The dramatic fall in the value of oil and other commodities over the past six months has impacted both governments and communities in resource-rich countries, and has sent many searching for lessons learned during previous periods of price crashes.
With the aim of surfacing and discussing some of these lessons, the Natural Resource Governance Institute (NRGI) and the Global Policy Academy at the Central European University School of Public Policy (SPP) organized a panel discussion on April 13: “Falling Commodity Prices, Rising Tensions: Have Countries Learned From the Past to Navigate the Future?” CEU President and Rector John Shattuck introduced the four-person panel: SPP Distinguished Visiting Professor and Professor of Economics and Director of the Centre for the Study of African Economies at Oxford University, Sir Paul Collier; Daniel Kaufmann, NRGI president; Juan Roberto Lozano Maya, a researcher at Tokyo-based Asia Pacific Energy Research Centre (APERC); and Zeinab Camara, founder and president of Women in Mining Guinea.
Kaufmann opened the panel, noting that although there have been some exceptions, “governance, on balance, has not improved in resource-rich countries.” Collier echoed this sentiment, going on to say that he had spent a lot of energy during the last ten years trying to figure out why the commodity boom of the 1980s had been “a missed opportunity.” Although there have been changes since the last commodity boom, “I have to conclude that to a considerable extent, it [the most recent commodity boom] has been another missed opportunity,” Collier observed.
Collier said that there was now much greater international awareness of resource governance challenges than in the past, and a lot more transparency as well. Governments were also savvier in their negotiations with companies. “Where things went badly wrong,” said Collier, “was in how governments used the money.” He noted that in most cases, governments had borrowed for consumption, and not for productive investment. He faulted governments also for a failure to communicate to citizens. “The core message should have been around stewardship. Instead of building children’s futures, governments saddled future generations with debt,” he said.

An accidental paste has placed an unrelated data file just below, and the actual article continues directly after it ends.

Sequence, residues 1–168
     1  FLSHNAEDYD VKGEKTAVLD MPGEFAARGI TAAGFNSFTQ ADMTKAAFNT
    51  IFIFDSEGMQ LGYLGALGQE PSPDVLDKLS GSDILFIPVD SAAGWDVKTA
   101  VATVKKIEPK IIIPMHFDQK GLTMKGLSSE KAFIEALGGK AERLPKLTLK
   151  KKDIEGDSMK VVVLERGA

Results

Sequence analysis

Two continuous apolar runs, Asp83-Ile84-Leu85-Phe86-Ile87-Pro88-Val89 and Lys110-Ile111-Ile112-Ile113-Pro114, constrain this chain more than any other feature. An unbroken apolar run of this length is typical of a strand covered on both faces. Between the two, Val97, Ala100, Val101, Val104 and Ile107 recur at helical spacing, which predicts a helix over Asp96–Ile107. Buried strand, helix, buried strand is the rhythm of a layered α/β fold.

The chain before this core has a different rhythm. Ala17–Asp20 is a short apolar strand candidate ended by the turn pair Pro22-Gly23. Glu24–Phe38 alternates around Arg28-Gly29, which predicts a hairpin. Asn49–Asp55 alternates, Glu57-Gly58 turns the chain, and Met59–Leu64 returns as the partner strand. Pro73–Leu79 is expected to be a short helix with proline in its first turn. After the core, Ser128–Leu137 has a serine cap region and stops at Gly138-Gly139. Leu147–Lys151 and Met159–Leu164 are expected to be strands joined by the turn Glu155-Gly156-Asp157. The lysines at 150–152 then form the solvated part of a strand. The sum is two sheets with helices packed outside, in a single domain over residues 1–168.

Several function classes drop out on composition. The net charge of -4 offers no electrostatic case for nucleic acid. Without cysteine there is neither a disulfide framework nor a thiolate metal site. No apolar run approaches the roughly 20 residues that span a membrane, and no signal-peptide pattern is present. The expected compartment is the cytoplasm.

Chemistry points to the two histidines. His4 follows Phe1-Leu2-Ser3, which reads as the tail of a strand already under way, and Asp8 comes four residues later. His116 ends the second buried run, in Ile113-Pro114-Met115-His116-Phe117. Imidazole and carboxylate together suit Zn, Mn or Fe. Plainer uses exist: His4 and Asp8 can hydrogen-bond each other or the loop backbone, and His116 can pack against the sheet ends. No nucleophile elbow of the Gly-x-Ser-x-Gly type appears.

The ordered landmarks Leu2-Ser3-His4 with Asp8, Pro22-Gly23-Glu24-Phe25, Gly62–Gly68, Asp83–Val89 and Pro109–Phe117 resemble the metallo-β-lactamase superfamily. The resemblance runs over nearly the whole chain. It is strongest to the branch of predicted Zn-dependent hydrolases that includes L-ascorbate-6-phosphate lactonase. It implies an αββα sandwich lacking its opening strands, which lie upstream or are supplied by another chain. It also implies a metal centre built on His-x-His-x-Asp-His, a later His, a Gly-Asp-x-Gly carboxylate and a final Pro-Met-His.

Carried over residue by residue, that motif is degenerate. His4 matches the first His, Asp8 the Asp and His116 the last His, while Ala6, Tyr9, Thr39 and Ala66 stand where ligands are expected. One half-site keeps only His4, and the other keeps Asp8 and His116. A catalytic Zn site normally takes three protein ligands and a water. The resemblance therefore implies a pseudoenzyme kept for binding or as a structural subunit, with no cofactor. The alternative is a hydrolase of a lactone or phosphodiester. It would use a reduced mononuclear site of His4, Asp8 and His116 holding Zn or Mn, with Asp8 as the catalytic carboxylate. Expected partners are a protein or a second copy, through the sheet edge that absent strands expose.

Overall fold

Panelists Juan Roberto Lozano Maya and Zeinab Camara added country-specific perspectives to these comments. In his remarks, Lozano Maya observed, “the times are changing” in Mexico. For many years, he said, Mexico had “sipped” at the Cantarell oil and gas field and “neglected many social priorities.” Although Mexico has recently enacted significant energy reforms, “the benefits to citizens are still very unclear.” He said that rules and institutions were not enough; “we need transparency and accountability.” Lozano Maya noted, “The lack of a free press is also an issue.”
Camara focused her remarks on Guinea, a country that has been dealing with natural resource governance issues since it gained independence in 1958. She said that there was enormous potential in Guinea now because of the election of a new government in 2010, but that the people had not yet benefited. Camara described the impact that the price volatility in the commodity sector has had on local governments and communities. She credited the government of Guinea with having made “a lot of progress in increasing governance of the mining sector.” Camara noted also that the government was slow to implement some measures and was not doing enough to educate the citizenry. She furthermore decried the lack of a vision for the mining sector: “What I want to see is a strategy,” she said.
There was general agreement among the panelists that although there have been important changes in some areas, such as greater transparency, there is still a lot that governments in resource-rich countries could and should have done to improve governance. The recent fall in commodity prices offers these governments a second chance to learn lessons that may have been forgotten since the last crash.
Susanne Lane and Dorothy Lineer are communications staff members at the CEU School of Public Policy.
This post is a modified version of one which originally appeared on the CEU SPP website.